Employees may be feeling more loyal to their own career goals instead of their employers, as 40 percent do not feel loyal to their current employer and 23 per cent said they are likely to leave their current position to change jobs in a year or less. This is according to CareerBuilder.co.uk’s latest survey of more than 250 HR professionals and hiring managers and more than 600 employees.
“When workers feel disloyal to their employer, they are more likely to be less productive and proactive in their role, and ultimately, are probably keeping their eyes open for a new position elsewhere,” said Tony Roy, CareerBuilder EMEA President. “While already weathering the storm of a downshifted economy, employers may need to factor in additional recruitment costs into their budgets to keep their workforce stacked with qualified talent.”
The price tag of frequent turnover can be quite high. According to the survey, 34 per cent of employers have an average cost per hire of 1,000 pounds or more; 20 per cent estimate their cost-per-hire at 2,500 pounds or more.
Once employers factor in the costs of hiring new employees, it can take a significant amount of time to make up those expenses. Forty-seven per cent of employers estimated that it takes them more than six months to recoup expenses associated with recruiting and training someone once they’re on board with the company; 22 per cent said it takes more than one year.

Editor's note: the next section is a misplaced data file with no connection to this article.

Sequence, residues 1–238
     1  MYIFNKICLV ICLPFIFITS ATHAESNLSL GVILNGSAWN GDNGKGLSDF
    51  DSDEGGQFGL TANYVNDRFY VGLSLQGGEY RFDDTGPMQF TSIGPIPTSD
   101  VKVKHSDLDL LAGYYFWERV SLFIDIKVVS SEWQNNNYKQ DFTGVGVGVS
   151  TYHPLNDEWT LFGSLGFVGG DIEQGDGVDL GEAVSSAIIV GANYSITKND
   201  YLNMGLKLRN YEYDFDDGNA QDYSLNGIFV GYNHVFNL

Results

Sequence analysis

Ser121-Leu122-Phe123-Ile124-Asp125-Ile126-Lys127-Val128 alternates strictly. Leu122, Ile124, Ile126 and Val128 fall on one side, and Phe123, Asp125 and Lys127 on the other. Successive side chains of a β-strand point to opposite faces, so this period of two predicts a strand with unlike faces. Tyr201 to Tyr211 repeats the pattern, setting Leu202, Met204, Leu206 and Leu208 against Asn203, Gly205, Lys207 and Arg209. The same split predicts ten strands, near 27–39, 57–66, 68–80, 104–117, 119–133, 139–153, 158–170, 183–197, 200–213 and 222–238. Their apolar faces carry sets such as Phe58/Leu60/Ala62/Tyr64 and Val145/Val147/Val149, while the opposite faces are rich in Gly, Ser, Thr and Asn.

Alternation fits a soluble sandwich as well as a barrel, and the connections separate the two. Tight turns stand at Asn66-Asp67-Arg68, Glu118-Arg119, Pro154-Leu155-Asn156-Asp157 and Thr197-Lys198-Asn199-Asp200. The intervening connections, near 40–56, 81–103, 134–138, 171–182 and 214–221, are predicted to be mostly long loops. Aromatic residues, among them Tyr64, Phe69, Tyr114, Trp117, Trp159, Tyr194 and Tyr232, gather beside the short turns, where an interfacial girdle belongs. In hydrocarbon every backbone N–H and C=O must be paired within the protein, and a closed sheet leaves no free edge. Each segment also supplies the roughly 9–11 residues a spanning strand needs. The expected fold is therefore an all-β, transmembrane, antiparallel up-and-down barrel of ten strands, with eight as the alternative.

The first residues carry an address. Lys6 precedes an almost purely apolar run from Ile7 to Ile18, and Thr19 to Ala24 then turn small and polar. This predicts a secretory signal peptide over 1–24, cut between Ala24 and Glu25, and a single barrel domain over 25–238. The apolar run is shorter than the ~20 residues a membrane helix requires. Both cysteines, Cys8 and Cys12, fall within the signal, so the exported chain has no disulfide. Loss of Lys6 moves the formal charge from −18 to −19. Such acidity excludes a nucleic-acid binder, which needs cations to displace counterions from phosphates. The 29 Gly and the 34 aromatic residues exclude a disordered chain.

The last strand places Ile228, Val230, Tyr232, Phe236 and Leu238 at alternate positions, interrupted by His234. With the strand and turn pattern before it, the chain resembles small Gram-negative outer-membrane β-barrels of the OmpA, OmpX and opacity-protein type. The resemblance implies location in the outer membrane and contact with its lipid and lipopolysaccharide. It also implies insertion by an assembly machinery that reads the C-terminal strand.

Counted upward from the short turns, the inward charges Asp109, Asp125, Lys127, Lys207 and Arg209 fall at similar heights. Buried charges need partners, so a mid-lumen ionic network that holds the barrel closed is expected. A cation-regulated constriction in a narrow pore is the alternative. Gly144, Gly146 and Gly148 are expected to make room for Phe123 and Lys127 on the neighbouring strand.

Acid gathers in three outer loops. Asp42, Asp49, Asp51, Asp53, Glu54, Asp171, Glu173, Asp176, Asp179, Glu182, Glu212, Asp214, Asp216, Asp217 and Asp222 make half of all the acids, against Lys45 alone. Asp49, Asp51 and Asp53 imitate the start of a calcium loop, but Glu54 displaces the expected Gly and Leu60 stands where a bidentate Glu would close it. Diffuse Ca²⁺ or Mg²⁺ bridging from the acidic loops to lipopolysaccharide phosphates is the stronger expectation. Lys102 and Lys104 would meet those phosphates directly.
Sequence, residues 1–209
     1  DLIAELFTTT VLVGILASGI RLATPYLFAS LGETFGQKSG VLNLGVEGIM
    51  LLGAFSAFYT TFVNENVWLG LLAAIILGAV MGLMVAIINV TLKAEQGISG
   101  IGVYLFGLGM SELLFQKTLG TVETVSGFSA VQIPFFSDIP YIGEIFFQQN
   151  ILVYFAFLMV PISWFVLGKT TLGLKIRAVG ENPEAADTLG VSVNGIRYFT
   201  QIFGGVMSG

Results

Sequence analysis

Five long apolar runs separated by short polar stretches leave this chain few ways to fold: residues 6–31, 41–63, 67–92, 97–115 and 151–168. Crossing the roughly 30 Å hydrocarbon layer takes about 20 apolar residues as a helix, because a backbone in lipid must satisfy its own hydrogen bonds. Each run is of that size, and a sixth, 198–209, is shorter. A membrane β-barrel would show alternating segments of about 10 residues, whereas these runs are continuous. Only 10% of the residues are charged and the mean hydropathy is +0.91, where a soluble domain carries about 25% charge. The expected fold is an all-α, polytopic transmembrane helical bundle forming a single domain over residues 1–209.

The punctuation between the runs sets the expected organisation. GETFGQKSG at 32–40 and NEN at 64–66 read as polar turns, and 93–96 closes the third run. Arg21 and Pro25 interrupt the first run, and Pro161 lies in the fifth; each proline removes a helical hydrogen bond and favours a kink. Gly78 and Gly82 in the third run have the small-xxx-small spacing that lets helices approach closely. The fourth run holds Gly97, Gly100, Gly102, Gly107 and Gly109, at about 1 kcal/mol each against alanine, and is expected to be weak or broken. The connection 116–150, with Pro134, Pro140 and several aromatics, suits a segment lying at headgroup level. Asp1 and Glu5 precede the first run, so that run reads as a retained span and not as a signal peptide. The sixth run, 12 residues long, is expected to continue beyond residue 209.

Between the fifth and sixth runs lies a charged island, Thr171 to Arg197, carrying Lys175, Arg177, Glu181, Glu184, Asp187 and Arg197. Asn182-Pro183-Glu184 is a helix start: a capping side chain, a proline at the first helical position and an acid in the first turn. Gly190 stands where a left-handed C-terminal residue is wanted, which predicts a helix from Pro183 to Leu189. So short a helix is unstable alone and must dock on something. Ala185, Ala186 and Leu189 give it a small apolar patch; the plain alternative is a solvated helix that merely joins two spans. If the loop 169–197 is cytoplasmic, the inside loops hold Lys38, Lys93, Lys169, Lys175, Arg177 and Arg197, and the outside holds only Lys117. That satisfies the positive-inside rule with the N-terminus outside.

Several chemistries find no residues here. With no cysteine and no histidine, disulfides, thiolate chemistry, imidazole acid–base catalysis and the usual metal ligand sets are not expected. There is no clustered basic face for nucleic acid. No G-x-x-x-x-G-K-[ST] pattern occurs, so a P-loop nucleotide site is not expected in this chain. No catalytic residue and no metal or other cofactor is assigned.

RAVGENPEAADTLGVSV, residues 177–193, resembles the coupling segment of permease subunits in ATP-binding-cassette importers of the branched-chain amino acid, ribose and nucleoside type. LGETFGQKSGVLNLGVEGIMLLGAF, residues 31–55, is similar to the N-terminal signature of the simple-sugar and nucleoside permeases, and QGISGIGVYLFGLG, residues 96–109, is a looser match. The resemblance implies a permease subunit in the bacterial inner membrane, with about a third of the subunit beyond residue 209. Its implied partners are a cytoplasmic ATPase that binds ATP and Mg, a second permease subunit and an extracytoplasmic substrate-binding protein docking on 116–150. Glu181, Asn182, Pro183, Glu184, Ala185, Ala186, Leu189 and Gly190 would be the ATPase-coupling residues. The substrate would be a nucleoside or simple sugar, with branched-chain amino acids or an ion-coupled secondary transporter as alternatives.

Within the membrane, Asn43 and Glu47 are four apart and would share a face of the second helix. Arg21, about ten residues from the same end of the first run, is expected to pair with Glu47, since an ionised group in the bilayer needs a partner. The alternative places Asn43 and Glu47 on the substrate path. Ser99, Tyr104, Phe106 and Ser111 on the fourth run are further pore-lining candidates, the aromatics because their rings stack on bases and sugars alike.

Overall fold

Workers cited a variety of reasons for why they felt disloyal to their current employer:
- Don’t feel my employer values me — 61 per cent
- Employer does not pay enough — 53 per cent
- My efforts are not recognized or appreciated — 46 per cent
- Not enough career advancement opportunities — 42 per cent
- Benefits are not good enough — 34 per cent
- Don’t like the work culture — 26 per cent
- Employer doesn’t provide enough ongoing training or education — 24 per cent
- Work is not challenging enough — 24 per cent
- Don’t like my boss — 21 per cent